The General Cailles Memorial District Hospital in Tavera Street, Pakil is one of the first hospitals established in Laguna. It was built in 1957 under the watch of Dr. Jose Kamatoy who was at that time the head of the Laguna Provincial Hospital in Sta. Cruz. But who is General Cailles?
Although he hasn’t received the recognition and name recall like Gen. Del Pilar, Gen. Malvar, Gen. Luna and other top generals during the revolt against Spain and Philippine-American War, General Juan Cailles was able to accomplish a lot of things both as a revolutionary and as a statesman after the war.
Born in Nasugbu, Batangas to a French musician, Hipolito Cailles and a Hindu mother, Maria Caupama, Juan Cailles was the sixth child of seven siblings. After graduating from the Escuela Normal in Manila, a school run by Jesuits he became a schoolteacher in Cavite. For 5 years, he taught in the public schools of Amaya, Tanza and Rosario in the province of Cavite before joining the Bonifacio’s Magdiwang Council. He later joined Aguinaldo’s Magdalo forces.
He was a commanding officer of Batallon Trias under the regiment of Gen. Mariano Noriel. In one encounter with the Spaniards, Generals Candido Tirona, Edilberto Evangelista and Crispulo Aguinaldo, all of whom were superior to Cailles, died during the battle. He then rose from the ranks, becoming Lieutenant Colonel in 1898, then Colonel in 1899. He was then promoted by Aguinaldo to brigadier general and appointed as military governor for Laguna and Tayabas (now Quezon province) in 1898-1899.
In the Philippine-American War, he was the commanding General of the Battle of Mabitac (Sept 17, 1900) which resulted in a victory for the Filipinos. In this engagement, Cailles’ troops were able to outmaneuver a bigger American contingent.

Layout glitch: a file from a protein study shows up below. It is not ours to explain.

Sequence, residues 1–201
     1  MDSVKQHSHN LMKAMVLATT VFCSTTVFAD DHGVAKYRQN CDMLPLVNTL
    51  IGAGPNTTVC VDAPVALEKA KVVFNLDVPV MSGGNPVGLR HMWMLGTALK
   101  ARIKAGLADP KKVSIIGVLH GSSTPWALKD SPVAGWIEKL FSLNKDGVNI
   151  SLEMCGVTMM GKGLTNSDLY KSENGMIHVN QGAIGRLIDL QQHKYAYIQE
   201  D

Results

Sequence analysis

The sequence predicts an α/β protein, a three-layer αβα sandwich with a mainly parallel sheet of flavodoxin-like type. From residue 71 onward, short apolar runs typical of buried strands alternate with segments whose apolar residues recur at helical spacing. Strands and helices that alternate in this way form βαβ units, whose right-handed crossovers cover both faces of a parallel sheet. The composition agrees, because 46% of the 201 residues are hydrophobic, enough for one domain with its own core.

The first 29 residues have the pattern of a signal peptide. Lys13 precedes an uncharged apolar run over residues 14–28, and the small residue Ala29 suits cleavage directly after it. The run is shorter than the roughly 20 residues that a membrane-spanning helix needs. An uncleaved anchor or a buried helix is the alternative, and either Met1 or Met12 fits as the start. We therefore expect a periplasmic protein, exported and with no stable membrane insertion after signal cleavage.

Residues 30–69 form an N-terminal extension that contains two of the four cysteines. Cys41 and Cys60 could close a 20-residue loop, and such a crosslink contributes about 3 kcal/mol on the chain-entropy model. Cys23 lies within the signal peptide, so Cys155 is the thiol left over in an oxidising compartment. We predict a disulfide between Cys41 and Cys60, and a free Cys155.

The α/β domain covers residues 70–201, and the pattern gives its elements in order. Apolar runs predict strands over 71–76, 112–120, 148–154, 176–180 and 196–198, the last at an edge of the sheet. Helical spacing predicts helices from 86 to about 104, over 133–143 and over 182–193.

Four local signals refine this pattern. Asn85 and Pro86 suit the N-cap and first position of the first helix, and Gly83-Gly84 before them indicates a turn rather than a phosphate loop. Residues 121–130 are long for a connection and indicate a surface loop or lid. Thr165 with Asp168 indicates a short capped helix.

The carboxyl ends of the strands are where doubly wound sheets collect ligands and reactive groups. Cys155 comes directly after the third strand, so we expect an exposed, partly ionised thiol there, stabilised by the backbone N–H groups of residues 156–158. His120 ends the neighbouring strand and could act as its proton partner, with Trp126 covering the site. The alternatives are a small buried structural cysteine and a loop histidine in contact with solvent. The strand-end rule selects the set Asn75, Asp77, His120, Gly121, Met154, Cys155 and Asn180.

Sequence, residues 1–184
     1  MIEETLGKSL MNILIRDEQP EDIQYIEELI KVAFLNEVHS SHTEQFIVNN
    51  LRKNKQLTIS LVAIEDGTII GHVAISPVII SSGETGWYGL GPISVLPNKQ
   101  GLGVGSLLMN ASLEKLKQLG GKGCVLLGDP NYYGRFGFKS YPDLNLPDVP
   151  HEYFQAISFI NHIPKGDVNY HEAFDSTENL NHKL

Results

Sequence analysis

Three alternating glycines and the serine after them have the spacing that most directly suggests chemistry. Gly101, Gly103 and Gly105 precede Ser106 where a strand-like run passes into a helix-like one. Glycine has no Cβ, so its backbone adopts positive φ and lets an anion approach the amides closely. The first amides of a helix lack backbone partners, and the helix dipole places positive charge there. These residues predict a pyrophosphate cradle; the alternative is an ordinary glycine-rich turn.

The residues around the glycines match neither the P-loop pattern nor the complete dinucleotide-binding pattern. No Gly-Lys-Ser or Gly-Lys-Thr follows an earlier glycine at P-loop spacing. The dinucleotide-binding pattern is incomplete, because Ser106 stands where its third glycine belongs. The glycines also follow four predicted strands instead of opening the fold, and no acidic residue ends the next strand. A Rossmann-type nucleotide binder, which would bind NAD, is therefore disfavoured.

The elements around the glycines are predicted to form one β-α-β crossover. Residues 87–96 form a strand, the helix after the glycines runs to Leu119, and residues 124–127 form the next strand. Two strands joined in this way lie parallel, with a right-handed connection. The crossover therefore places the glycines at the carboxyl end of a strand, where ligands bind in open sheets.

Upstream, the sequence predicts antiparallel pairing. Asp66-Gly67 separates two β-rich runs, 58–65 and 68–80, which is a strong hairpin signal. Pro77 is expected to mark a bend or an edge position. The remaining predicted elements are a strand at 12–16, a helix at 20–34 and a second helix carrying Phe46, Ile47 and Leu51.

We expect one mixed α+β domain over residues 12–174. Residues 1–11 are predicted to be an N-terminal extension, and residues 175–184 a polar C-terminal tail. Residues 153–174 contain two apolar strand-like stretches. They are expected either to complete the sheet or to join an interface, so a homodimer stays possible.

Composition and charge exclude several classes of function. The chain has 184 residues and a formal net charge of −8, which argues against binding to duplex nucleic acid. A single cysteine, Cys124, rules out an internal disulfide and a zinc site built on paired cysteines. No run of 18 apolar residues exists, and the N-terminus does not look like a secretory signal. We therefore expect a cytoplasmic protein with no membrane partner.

Although, there was not much written about General Cailles, he was a problem to the Americans. In an NYTimes article published on May 1901, the following were written:
“Cailles’ surrender is not expected. If he should come into the American lines it would be to die. His crimes are so many and so serious that it would be impossible to pardon him, and he knows it. It is expected that Cailles will fight to the last, and Gen. MacArthur is expected to bend all his energies to hunting him down.”
On June 20, 1901, he surrendered to the Americans and worked with the Americans in rebuilding the country. Cailles then served as the governor of Laguna from 1901 to 1910, and again from 1916 to 1925. He was then appointed by General Leonard Wood as representative of Mountain Province to the Philippine Legislature in 1925 and reappointed in 1928. He was then again elected as governor in 1931 and re-elected in 1934.
In 1935, with the help of the Philippine Constabulary, he was able to suppress the Sakdalista uprising in Santa Rosa and Cabuyao in the Laguna. He was also instrumental in the campaign to capture the notorious bandit, Teodoro Asedillo, the “Terror of the Sierra Madre.”
Juan Cailles died on June 28, 1951 due to a heart disease.
Faustin Pantua (September 21, 1900), Report of attack on town of Mabitac, 21 September 1900 [translated from the original Spanish text by E. D. Bass]
http://query.nytimes.com/search/sitesearch?query=juan+cailles&more=date_all&less=multimedia (articles in PDF format)